Our reporter attempted to locate the security patrol guards and the girl in red who were in the photo.  But that proved to be impossible.  Even the Zhaojiadui police station has moved away.

On May 24, 2007, Huang Xingneng wrote about this on his personal blog.  However, his blog post did not achieve the result that he was hoping for.  The comments were more often along the lines of: "Huang Xingneng, can you do anything?  Take a took at this photo and you have to know these people are city administrators."  Huang Xingneng told our reporter in frustration, "Some people even asked me how much money I took to speak nicely about the city administrators." 

On November 3, 2008, the netizen "confu" posted this photo at the <City Times> BBS under the title of "Prostitute arrested at night somewhere in Sichuan."  On November 5, a BBS administrator wrote: "The woman in this photo had been mentally disturbed and wanted to kill herself by leaping off a building.  Three kind-hearted security guards saved her!"

On November 7, 2008, <City Times> published the report on "Security guards saved a woman four years ago becomes 'city administrators arresting a prostitute."  The report detailed the history of the photo and included a plea from Huang Xingneng:  "This photo is being continually misinterpreted in a way that is not remotely close to the truth.  I wish that all netizens will stop these irresponsible re-postings."

Huang Xingneng also noted another reason how this photo caught more publicity.  "In 2007, the folks at the Beijing 798 Art District created a work of sculpture based upon my photo.  This raised another wave of controversy."  The post made by "confu" included the photo of the sculpture next to Huang Xingneng's original photo.  Among the comments to the "confu" post was the question about why the woman wore white panties in the photo but no panties in the sculpture.

Huang Xingneng continued: "This is why I decided not to stay silent anymore.  Last year, I wrote a blog post to clarify the story.  But there were still netizens who didn't care about the facts but was only interested in cursing me out.  Some of them didn't even bother to read my explanation before venting their rage at me."

On April 10, 2010, a microblogger distributed the original photo and the sculpture photo once again under the title "God Ai's 798 art sculpture".  God Ai refers to the artist Ai Weiwei.  This microblog post was re-posted by many netizens.  So far, it has been re-posted 1,500 times with more than 400 comments.  One netizen wrote: "To commemorate the shame of this age."

When our reporter contacted Ai Weiwei's studio, the answer was that he was not concerned about this matter.  After some discussion with them, our reporter learned that the said sculpture was actually the work of the Gao brothers.  They told our reporter that this sculpture was first displayed at a joint exhibit in April 2007.  Afterwards, it was left in front of their studio.  On the night of May 18, 2009, the 798 property owners "stole" the sculpture.  The Gao brothers filed a police report but they have not been able to get their sculpture back.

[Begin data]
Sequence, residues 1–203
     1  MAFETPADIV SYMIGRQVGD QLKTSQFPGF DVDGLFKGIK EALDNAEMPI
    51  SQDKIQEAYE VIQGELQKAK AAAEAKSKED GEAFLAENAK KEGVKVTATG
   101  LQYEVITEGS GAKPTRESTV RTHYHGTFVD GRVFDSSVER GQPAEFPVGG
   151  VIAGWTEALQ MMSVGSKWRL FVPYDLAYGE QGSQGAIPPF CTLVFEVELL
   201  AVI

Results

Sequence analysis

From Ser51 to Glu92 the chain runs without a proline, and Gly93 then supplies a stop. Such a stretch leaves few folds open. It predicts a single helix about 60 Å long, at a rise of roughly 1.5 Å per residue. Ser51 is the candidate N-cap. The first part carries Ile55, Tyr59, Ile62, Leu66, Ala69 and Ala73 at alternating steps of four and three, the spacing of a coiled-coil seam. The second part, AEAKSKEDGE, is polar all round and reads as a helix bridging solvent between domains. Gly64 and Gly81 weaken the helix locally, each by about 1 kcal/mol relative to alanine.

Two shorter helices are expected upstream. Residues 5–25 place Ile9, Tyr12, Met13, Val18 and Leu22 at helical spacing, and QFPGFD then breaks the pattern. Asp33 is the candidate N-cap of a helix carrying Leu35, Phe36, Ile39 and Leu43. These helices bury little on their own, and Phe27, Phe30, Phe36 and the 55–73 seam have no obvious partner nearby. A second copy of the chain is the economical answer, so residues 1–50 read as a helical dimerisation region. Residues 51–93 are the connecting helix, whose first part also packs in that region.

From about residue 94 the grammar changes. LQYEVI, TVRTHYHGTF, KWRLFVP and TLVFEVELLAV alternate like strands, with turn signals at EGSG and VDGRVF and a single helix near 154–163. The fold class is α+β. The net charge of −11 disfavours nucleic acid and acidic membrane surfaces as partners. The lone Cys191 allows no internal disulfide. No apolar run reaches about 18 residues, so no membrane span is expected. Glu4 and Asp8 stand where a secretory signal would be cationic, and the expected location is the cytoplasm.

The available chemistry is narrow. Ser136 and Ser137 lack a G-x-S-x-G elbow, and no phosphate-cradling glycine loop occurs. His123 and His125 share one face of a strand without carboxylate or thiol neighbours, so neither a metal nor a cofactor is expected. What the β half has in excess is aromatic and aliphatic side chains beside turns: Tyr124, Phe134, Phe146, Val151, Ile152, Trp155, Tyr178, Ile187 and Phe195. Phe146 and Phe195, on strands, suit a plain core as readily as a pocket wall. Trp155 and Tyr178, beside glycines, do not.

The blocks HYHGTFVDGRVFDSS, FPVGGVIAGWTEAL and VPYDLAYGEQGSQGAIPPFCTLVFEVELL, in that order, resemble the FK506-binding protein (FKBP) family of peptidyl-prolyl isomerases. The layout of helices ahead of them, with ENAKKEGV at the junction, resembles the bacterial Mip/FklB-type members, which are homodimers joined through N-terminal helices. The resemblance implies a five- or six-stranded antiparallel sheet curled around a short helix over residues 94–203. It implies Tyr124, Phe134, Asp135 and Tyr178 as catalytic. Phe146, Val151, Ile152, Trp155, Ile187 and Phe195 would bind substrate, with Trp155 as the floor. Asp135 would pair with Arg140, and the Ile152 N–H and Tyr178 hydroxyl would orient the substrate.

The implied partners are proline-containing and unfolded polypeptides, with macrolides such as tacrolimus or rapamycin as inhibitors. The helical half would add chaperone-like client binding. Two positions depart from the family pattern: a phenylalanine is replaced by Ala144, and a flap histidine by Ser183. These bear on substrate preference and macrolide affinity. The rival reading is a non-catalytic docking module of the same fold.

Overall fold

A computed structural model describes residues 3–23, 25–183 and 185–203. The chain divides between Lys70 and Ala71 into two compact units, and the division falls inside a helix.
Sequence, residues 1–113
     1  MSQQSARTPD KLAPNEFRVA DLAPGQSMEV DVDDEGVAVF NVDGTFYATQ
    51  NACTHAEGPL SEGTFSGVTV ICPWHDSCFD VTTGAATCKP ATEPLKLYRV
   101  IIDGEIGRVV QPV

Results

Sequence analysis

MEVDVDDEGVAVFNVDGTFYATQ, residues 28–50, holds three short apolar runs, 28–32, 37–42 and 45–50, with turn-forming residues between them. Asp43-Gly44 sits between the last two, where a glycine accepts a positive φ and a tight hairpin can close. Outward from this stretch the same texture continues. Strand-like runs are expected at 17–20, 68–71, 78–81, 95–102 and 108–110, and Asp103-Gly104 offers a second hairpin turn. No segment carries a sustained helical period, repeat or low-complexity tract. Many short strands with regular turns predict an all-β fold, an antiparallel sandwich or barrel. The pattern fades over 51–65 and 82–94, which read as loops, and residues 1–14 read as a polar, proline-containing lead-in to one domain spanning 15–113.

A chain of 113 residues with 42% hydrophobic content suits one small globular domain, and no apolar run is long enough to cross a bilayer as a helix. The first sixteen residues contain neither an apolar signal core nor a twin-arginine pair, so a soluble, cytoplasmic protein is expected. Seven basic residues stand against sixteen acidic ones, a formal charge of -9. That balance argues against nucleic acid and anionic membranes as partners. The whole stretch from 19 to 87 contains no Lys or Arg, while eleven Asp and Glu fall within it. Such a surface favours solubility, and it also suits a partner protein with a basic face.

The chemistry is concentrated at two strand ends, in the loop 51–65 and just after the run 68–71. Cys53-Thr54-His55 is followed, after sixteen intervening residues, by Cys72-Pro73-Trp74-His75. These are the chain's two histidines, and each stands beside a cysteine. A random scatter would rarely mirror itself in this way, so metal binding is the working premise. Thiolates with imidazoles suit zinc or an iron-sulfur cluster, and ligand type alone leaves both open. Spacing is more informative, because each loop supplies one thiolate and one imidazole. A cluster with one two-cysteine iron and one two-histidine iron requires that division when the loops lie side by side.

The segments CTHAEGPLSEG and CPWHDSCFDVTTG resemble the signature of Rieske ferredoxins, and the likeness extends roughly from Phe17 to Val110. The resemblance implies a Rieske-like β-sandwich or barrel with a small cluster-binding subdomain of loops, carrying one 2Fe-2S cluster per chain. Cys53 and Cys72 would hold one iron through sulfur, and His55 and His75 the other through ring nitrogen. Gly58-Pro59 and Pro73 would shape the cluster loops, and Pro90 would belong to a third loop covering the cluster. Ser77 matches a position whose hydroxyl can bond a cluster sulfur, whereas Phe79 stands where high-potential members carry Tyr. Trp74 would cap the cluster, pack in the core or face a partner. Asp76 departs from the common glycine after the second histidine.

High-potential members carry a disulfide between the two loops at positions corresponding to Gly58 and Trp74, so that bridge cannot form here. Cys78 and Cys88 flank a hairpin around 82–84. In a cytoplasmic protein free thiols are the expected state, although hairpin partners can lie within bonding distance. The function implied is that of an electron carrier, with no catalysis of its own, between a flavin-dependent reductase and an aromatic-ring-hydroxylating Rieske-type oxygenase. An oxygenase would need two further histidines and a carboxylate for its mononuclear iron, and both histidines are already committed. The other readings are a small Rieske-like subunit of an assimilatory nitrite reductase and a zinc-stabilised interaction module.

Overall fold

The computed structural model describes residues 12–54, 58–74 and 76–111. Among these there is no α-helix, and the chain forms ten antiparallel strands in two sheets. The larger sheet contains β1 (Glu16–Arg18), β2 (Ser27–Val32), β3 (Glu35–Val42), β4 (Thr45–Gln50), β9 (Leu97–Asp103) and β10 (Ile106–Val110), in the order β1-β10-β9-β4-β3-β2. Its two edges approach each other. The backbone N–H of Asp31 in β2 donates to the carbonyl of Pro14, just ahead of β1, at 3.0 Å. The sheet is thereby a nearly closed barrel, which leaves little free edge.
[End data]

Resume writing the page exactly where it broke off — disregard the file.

The Gao brothers acknowledged that their sculpture was based upon the news photo.  Afterwards, they also heard that the photo was misinterpreted.  But this was "only hearsay which they cannot tell for sure."  They even asked the reporter about the facts.  The Gao brothers said: "A work of art is not a news report.  It is an expression.  Whether this was really a case of city administrators arresting a prostitute or not, this work is artistically valid.  It only needs to be re-interpreted."  When asked whether the sculpture was demonizing city administrators, the Gao brothers countered: "Are city administrators being demonized?"

According to Chinese Newsweek executive chief editor Yang Ruichun, "This photo has been used by a Tsinghua University teacher as a case study of communication.  It was pointed out that the truth was that these people had just saved a suicidal woman."

Two days later, another microblogger "Tanbainiu" wrote "Security guards save woman; four years of re-posting turned it into 'city administrators arresting prostitute" with a summary of the full story.  Many netizens were finally "enlightened."  But there were still questions: "No matter whether she was being saved or arrested, she should be accorded some dignity."

SOHO chief editor Li Nan commented: "Creating a rumor on the Internet is a cost-free form of entertainment.  During the communication process, the truth is often beaten out by the lies.   Rumors often coincide intentionally or unintentionally with certain of emotions.  This is one way in which the bad currency eliminates the good currency on the Internet."